[In my] examination of struggle…from the side of workers.… I constantly came back to the Marxist concept of revolutionary practice, that simultaneous changing of circumstance and human activity or self-change—how people transform themselves through their struggles. But not only through struggles; they produce themselves through their daily activity. People are formed by what they do. So, for example, a person who is a wage laborer under capitalism is produced and produces himself in a certain way, as a person who is alienated, as a person who simply wants to consume because of the emptiness of capitalist production. We always have to ask the question, “what kinds of people are produced under particular relations of production?” What kinds of people are produced in an exchange relationship, which is “I will do this for you, if you do that for me” as opposed to functioning in a communal society in which people act in solidarity? You produce certain kinds of people under those conditions.
“When Chávez speaks, we listen. But we don’t listen to those around him.” This comment by a community activist interviewed by Iain Bruce, and integrated into his wonderful exploration of the Bolivarian Revolution from below, points to an essential characteristic — the unique link at present (“por ahora”) between Hugo Chávez and the exploited and excluded of Venezuela.
“If we believe in people, if we believe that the goal of a human society must be that of “ensuring overall human development,” our choice is clear: socialism or barbarism.” These concluding lines from “The Path to Human Development” appear on the back cover of one Venezuelan edition—a pocket-sized edition much like the widely circulated “Socialism Does Not Drop from the Sky” (chapter 5 of Build It Now). The other edition, together with an extended edition of that latter essay (including my “New Wings for Socialism” from the April 2006 Monthly Review), is being published as The Logic of Capital versus the Logic of Human Development for the communal council libraries in Venezuela.
“We are sinking in the Devil’s excrement,” wrote a close observer of Venezuela’s adventures in oil. Was Venezuela’s deep culture of corruption, crime, and clientalism imaginable in the absence of the oil rents which became the supreme object of desire? Was the truncation of industry and agriculture and the vast chasm between a privileged oligarchy and an impoverished mass inevitable-given the effects of oil wealth upon a poor, developing country?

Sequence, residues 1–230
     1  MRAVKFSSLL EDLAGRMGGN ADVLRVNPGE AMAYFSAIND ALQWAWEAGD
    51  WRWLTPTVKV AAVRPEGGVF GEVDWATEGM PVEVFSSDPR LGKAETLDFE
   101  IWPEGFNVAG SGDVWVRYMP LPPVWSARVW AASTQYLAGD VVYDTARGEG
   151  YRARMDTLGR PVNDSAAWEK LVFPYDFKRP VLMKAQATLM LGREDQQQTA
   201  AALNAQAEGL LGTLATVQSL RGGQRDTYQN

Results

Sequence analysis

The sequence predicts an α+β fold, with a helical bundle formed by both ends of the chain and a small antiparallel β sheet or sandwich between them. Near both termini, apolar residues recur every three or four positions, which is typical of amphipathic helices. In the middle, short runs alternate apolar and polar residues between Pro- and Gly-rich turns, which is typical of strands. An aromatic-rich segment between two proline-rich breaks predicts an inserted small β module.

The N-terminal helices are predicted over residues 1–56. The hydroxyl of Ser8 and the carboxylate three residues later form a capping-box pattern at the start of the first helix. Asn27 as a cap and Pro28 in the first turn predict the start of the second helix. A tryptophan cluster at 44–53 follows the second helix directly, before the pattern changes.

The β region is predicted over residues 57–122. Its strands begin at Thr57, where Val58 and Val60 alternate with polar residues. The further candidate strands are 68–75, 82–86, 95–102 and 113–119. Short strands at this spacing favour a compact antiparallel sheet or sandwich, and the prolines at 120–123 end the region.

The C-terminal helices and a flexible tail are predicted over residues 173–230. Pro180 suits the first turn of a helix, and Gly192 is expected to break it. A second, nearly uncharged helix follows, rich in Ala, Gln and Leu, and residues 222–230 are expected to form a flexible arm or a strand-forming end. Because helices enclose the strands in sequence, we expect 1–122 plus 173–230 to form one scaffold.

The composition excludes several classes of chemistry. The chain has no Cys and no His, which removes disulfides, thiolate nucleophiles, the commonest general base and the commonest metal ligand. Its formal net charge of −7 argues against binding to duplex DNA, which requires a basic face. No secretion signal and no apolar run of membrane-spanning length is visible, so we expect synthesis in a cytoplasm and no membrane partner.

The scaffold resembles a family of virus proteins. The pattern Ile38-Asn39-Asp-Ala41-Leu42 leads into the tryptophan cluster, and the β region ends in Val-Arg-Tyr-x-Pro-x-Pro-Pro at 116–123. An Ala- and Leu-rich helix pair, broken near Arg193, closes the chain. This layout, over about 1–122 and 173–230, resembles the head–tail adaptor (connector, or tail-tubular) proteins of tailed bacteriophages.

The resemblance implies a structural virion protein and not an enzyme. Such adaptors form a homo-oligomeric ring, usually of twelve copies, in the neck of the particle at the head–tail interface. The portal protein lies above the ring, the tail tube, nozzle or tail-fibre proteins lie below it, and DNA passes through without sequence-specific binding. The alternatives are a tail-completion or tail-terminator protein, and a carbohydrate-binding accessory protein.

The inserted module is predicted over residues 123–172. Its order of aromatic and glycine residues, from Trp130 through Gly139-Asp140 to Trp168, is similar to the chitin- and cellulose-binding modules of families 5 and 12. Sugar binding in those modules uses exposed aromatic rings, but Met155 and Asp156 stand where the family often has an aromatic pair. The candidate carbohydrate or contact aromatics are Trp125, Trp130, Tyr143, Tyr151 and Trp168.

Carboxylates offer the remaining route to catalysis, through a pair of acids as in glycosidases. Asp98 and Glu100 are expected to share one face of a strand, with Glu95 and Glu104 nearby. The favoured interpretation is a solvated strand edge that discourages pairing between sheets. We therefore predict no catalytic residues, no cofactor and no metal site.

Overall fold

In this concise volume, noted scholar and economist Michael A. Lebowitz considers the legacy of twentieth century socialist societies, or what some have termed “real socialism.” While these societies were able to claim major achievements in areas from health care to education to popular culture, they nonetheless met limited success in eroding what Marx called the “opposition of the worker as direct producer and the proprietor of the means of production.” That this opposition between workers and managers continued to exist in one form or another under “real socialism” means that, according to Lebowitz, a crucial aspect of the socialist project was lost.
I am certain that, like many people these days, the first thing on your mind is the question of the referendum on reform of the Bolivarian Constitution — what the defeat means and where do we go from here. What I want to talk about today is not on that topic specifically, but it is related.